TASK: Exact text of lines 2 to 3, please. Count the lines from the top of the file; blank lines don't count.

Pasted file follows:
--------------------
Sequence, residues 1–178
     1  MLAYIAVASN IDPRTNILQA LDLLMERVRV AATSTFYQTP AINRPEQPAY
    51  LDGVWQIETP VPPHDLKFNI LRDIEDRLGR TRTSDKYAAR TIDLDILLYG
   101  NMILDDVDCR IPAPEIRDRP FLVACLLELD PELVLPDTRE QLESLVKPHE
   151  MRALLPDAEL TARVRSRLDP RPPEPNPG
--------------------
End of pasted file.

     1  MLAYIAVASN IDPRTNILQA LDLLMERVRV AATSTFYQTP AINRPEQPAY
    51  LDGVWQIETP VPPHDLKFNI LRDIEDRLGR TRTSDKYAAR TIDLDILLYG